This post is part one in a series of two where I live react to two albums for the first time. If you want to skip the setup/context then feel free to do so, it will start after the bolded paragraph.
In any conversation about the music of the 2010’s, it is impossible to speak on this subject without the mention of certain artists that released great projects that not only charted well, but influenced the landscape, sounds, and trends of popular music that can still be easily identified today. The 2010’s had some really heavy hitters in pop music (and their respective genres): Taylor Swift, Beyonce, Bruno Mars, Lady Gaga…and of course, the two that I will be focusing on in these next two pieces, Kanye West and Drake.
For those who have better things to do with their lives than keeping up with this shit, you should know these two have been on each other’s cases for years now. Before I dive into the music of it all, I thought it’d be important to briefly touch on where these artists started vs where they are now, and a little of my personal history with them.
I’ve been a “constantly apologizing” Kanye West fan for years now, and he likely is one of my top 3 artists of all time, sharing that title with The Weeknd and Kid Cudi. Look, I can’t deal with his antics in the public eye either, and I definitely don’t support what he says and does as a person. I do, however, constantly find myself hoping he gets the help he so clearly needs. With that disclaimer out of the way, yeah, he’s one of the greatest artists that music has ever had and I genuinely don’t see how there is any debating that. Pre-2010, the man already put out an incredible body of work with his “college trilogy”, permanently raising the bar for production (especially in regards to sampling and interpolation) & lyricism (looking at you, Late Registration fans) in hip-hop, and non-hip-hop fans were still Kanye fans. Then he released an album (808’s & Heartbreak) that wasn’t met with much public approval during a tumultuous time in his life that ended up being “ahead of its time” because almost all pop music a few years later tried to emulate the same sound. Then (in 2010 now) he puts out an album (My Beautiful Dark Twisted Fantasy) that he later called “a backhanded apology” because he was in trouble with the public (VMA-gate) but also wanted to basically tell everyone “you need me because I’m too damn good at this”…and it worked, ending up on almost every major music publication’s “Top 5 Albums of the Decade” list. Something something Yeezus, Watch the Throne, The Life of Pablo…albeit definitely a few missteps afterwards like “Lift Yourself” and Jesus is King (I personally think “you my chic-fil-a” might be his biggest lowlight, worse than “scoop-di-poop”, but that’s just me)…we’ve ended up with one of the most impressive discographies out there.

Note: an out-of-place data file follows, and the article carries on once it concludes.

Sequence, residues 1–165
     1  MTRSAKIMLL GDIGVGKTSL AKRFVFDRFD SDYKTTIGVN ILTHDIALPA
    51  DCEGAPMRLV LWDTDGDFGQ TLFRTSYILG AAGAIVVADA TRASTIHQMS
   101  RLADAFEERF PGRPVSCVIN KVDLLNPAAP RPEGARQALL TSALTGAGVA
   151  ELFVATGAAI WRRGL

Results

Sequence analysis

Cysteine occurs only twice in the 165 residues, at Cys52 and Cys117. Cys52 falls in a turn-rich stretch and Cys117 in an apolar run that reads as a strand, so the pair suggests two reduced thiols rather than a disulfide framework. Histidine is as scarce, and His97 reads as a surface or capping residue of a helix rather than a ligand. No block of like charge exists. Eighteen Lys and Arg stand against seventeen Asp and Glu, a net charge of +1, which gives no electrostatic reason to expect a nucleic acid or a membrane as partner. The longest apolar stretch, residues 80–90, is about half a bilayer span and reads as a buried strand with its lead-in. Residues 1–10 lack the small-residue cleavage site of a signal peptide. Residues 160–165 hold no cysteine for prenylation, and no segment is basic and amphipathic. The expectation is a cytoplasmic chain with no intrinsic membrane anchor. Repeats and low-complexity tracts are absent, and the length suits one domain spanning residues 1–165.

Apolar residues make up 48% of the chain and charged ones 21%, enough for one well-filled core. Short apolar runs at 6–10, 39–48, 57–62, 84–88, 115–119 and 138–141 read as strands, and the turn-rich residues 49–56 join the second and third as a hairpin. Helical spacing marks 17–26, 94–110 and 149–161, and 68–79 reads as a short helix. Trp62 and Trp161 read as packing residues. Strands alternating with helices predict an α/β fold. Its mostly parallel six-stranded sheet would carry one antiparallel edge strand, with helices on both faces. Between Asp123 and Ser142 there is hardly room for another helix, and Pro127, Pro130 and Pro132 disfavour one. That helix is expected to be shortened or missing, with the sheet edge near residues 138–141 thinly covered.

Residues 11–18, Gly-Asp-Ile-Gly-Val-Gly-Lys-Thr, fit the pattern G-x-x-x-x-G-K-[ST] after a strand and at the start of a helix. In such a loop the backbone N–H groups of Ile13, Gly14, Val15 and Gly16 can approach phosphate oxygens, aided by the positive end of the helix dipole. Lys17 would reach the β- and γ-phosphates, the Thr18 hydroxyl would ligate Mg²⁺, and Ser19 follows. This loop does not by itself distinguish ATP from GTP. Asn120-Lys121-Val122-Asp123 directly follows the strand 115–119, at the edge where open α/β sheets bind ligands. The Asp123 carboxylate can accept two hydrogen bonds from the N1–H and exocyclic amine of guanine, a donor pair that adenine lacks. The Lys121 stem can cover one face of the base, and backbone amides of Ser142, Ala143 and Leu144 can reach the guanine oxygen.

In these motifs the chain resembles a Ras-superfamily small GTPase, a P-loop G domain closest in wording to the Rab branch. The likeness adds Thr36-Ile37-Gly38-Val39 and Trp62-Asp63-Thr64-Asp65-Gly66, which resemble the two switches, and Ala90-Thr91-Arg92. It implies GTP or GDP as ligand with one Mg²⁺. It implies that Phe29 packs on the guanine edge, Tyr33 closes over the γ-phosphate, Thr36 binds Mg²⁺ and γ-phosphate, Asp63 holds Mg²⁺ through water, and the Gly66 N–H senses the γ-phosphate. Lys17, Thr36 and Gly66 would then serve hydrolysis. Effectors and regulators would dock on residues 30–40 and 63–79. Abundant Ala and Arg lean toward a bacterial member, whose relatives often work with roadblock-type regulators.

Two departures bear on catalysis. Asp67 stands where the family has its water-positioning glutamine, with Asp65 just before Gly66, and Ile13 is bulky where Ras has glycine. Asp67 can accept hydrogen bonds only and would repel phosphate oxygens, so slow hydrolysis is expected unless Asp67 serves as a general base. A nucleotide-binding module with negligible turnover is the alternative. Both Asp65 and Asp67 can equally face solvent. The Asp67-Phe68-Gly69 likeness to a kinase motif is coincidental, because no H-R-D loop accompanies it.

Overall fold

Personally for me, MBDTF gave me what little confidence I had as an adolescent to get through the hell of being a teenager. To this day, “Gorgeous” will never fail to give me that boost of energy and belief in myself before doing something seemingly daunting.
On the flip-side of this, we have Drake…aka Mr. Champagne Papi aka the 6 God aka every Indian fuckboy’s personal idol. He also happens to be another artist whose public antics I can’t stand either, but it’s hard to imagine the genre of Pop Rap becoming as huge as it has without directly attributing that to Drake’s success. Starting off as a “Lil Wayne prodige” and quickly artistically surpassing everyone from the Young Money camp, Drake is one of the most commercially successful rappers to ever exist. This shouldn’t imply that he wasn’t critically successful either, as Take Care was one of the first instances of the dark & moody R&B sounds that ended up taking over the genre for about a decade and influenced a lot of projects that came afterwards (this is also heavily attributed to The Weeknd’s House of Balloons, but he also had a huge hand in Take Care and that album was what introduced me and many other to The Weeknd anyway). He then went on to continue to give us quality work with Nothing Was the Same and If You’re Reading This It’s Too Late, giving listeners a ton of quotable bars (and memes) in the process. By the time we got to Views in 2016, trying to avoid Drake became like trying to avoid Usher’s “Yeah!” in 2004, it was damn near impossible. Views sat atop the Billboard 200 for 13 nonconsecutive weeks, becoming the first album by a male solo artist to do so in over a decade. He continued onward to keep accomplishing feats like this and always being a huge part of internet culture, with stuff like the “In My Feelings Challenge” and “Toosie Slide” always being on people’s screens when they found themselves idly scrolling.